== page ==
Thursday, 16 June 2011

Dances in 1888

1888 – Dances
        As he was walking home late one night in September, 1888, a reporter for the Hamilton Spectator was told by a policeman that “there’s a ball down James street tonight, and some of Hamilton’s fairest daughters are full as goats.”
          “It’s about the first “tough” dance of the season,” the policeman went on to say, “and you shouldn’t miss it. She’s a dandy. The fellows are all fighting drunk and half the girls have their nosesful.”
          A few days later, on September 20, 1888, the reporter filed a story under the following headline, “Dancing as She Did : A Review of the Public Balls Reporters Attend” in which he analyzed the various levels of society in Hamilton as reflected in the types of dances they attend.
          In the winter, there were balls almost every night in Hamilton, often three or four at a time. Newspaper reporters, on their way home from an evening shift at the paper often made a point of dropping into one or two of the public dances to see what was happening. Reporters were always welcome, whereas the police were not.
          The tougher the “ball,” the more exclusive it was. The revels of the “Podunck Pelicans” were particularly hard to attend :
          “Their exclusiveness is of such a practical kind that when ‘de dude’ awakened to the fact that his presence was not desirable, he would be on the icy sidewalk below with a whirring sound in his ears and a dim impression that he paused for the infinitesimal fraction of a second on everyone of the 197 steps on his way down.”
          The police, of course, could enter any dance at any time, but when they did, festivities came to a halt. With the reporters, this was not the case. Reporters were confidants with the police and knew who was wanted by them. The reporters were trustworthy because it was well known that they would never inform on anyone :
           “No matter how tough a ball or how drunk the company may be, they never fail to treat the reporters with a certain rude courtesy, because they both like and fear them.”
          In analyzing the various levels of society in Hamilton, the reporter noted that “the lower the social scale of the ball, the higher it is usually situated, the toughest being generally held in some hall up two or three flights of stairs.”
          The dances usually began slowly with a seemingly endless procession of men climbing up and down the stairs, between the ball and the nearest saloon.
          By 2 a.m., the revelry would be in full swing. A typical “tough” ball was described by the reporter as follows :
           “The low-ceilinged hall, hung with bleary kerosene lights, is stifling; the floor slippery with tobacco juice; the gang of men and girls flushed with dancing and new wine. The fiddles twang and buzz, there is a hub-bub of conversation and a whirl of dancing feet, the din being punctuated here and there by the unmusical yell of the ‘caller-off’ directing the dancers … here and there, on the floor, lies a reveler untimely overtaken by the insidious booze … the dance goes on until the musicians get too drunk to play or a free fight calls for the interference of the police.”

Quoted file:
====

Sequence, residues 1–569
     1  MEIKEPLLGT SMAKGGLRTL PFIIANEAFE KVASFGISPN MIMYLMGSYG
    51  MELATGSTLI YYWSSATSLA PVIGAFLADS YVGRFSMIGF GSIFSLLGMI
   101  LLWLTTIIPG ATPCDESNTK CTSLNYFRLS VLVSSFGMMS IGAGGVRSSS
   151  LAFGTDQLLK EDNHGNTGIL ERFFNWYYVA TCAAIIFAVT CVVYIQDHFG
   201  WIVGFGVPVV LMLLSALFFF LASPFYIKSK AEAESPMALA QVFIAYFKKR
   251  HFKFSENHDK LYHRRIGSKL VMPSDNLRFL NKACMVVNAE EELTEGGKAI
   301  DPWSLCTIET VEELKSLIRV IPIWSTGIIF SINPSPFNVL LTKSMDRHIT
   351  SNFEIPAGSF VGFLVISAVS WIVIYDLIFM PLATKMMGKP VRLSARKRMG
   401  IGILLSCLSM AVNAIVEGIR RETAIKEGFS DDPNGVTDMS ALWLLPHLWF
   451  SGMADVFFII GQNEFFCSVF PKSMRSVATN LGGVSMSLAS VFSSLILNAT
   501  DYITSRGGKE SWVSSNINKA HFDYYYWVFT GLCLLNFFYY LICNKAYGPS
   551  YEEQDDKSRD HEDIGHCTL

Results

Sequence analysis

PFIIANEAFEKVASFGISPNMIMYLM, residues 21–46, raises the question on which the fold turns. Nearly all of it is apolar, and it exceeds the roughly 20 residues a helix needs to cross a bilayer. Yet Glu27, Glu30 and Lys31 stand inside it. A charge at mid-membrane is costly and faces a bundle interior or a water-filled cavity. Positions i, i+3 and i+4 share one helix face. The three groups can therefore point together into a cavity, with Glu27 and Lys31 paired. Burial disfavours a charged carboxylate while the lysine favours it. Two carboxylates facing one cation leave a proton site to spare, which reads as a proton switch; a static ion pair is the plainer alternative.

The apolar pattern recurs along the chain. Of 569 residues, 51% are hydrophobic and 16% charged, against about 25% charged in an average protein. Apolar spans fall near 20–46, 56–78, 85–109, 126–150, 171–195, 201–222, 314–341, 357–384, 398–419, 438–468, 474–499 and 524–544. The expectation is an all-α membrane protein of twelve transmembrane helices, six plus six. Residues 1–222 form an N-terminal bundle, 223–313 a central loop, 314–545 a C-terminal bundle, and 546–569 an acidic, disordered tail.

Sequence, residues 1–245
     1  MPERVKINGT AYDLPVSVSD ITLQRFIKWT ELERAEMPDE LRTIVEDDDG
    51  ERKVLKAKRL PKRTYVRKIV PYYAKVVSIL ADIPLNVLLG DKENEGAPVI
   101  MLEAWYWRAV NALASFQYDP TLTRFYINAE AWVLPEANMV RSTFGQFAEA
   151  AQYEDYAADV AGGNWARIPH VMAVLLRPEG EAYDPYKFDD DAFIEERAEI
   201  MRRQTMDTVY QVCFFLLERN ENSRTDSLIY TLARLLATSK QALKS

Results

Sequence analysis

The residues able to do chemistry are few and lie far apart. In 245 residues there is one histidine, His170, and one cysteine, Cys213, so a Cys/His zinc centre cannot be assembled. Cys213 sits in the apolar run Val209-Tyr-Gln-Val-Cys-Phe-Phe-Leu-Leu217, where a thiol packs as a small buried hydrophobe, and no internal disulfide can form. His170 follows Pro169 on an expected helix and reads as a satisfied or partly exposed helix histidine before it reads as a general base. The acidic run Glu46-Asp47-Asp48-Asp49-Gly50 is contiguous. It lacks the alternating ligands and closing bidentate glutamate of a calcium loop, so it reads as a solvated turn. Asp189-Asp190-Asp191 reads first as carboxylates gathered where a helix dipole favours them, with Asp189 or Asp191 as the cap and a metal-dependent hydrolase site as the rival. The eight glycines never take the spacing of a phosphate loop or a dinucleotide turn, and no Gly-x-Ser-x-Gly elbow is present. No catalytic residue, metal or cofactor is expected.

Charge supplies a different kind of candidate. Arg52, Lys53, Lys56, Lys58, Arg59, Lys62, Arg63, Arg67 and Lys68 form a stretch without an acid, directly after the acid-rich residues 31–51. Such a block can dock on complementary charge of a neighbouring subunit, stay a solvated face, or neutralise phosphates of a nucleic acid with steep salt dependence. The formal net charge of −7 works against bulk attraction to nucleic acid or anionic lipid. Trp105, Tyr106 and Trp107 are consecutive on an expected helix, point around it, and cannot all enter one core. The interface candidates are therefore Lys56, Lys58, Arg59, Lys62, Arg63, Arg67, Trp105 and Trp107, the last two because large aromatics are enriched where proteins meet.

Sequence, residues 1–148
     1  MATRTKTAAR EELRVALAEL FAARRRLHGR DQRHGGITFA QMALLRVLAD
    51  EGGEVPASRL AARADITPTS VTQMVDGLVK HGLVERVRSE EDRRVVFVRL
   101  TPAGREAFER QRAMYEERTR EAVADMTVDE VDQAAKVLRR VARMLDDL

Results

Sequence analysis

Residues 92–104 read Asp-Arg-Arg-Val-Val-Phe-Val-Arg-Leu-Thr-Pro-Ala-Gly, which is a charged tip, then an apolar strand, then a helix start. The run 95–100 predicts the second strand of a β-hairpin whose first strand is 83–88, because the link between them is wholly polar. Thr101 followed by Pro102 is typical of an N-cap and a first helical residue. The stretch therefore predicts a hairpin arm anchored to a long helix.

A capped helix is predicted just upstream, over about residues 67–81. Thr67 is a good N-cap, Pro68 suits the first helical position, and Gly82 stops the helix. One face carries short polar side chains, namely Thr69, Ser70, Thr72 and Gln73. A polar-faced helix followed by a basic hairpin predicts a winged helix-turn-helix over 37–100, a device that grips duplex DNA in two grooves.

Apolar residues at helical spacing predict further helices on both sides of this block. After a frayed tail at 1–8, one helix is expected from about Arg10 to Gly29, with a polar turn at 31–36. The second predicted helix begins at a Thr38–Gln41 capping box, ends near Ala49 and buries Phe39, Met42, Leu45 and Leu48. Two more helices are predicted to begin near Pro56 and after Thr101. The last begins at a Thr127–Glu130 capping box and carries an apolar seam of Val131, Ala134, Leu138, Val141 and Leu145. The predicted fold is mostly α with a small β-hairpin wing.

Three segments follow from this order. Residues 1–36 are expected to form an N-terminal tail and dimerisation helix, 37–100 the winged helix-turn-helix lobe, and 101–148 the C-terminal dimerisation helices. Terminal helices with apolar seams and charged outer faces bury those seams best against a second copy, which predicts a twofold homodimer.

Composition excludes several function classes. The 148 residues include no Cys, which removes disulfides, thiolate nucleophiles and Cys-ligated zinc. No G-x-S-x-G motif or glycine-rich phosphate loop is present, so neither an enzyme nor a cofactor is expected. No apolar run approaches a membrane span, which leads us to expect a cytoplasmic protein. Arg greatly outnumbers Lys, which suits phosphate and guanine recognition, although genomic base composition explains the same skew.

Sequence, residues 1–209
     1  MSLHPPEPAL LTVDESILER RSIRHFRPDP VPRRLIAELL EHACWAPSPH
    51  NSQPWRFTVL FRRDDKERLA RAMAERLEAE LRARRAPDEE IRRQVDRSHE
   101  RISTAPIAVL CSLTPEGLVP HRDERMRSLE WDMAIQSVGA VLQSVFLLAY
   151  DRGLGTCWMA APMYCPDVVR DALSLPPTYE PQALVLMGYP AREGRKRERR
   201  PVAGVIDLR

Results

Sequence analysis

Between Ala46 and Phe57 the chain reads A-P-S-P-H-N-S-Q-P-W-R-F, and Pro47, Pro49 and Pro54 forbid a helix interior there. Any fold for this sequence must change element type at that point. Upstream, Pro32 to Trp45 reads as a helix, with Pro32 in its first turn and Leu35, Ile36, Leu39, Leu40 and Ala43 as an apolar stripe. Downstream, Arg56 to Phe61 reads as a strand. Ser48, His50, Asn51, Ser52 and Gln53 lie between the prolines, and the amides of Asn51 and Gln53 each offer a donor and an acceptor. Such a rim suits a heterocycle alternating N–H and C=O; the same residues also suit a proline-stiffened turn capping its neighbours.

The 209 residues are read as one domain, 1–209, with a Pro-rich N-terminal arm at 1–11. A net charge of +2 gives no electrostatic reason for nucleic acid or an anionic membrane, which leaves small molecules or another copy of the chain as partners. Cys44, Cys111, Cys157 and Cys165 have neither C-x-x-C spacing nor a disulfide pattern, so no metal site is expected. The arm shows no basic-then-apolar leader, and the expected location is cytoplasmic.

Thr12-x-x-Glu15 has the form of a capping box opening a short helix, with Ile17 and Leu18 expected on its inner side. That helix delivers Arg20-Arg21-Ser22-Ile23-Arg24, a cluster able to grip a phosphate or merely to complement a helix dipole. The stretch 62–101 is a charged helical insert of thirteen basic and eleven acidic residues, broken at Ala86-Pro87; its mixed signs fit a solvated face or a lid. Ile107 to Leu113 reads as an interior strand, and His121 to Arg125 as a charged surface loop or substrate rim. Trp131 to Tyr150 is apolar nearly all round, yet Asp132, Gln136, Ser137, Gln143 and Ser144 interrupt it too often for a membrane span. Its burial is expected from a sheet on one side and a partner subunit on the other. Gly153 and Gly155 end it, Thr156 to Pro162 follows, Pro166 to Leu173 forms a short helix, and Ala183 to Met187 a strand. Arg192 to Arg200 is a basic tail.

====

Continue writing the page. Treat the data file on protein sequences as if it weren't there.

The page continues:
The next class of ball up the social strata is the one where “dull respectability” was the rule. This level, the reporter felt was “unrelieved either by the wild animal and malt spirits of the previous class or the little airs  and graces of conversation and costume that distinguish the class above it.”
          The dancing and the music were both uninspired at this level and the reporter felt that most of the people at these balls were only trying to pretend that they were enjoying themselves, when they really were not. The reporter particularly noted the “wan and hard-worked faces of the girls and he sadly felt “a touch of pathos as you think what must be the sterile and sunless character of the lives of those to whom this is festivity.”
          The next higher level included the balls which were organized by the “pastime clubs.” These dances were by invitation only, and the company was primarily composed of clerks and shop girls. The men would usually wear dress suits and the ladies were usually prettily dressed in bright and tasteful dresses. These balls were “conducted on the lines of good society” and were usually very enjoyable.
          Once or twice during the winter, the “junior bachelors” of the city would rent the upstairs ballroom of the Arcade Building for their dances. These gatherings, the reporter said, were “wholly delightful,” because they were “freer from constraint than the public balls in the opera house.” Chaperones, for the ladies, appear at this level, but not so prominently as at the highest level of ball, the Garrick Club ball held at the Grand Opera House.
          The Garrick Club ball was the society event of the season when “all that flags, flowers, and bunting, beauty, grace and expensive dresses, excellent music and artistic catering can do to make folks enjoy themselves is concentrated on a single occasion.

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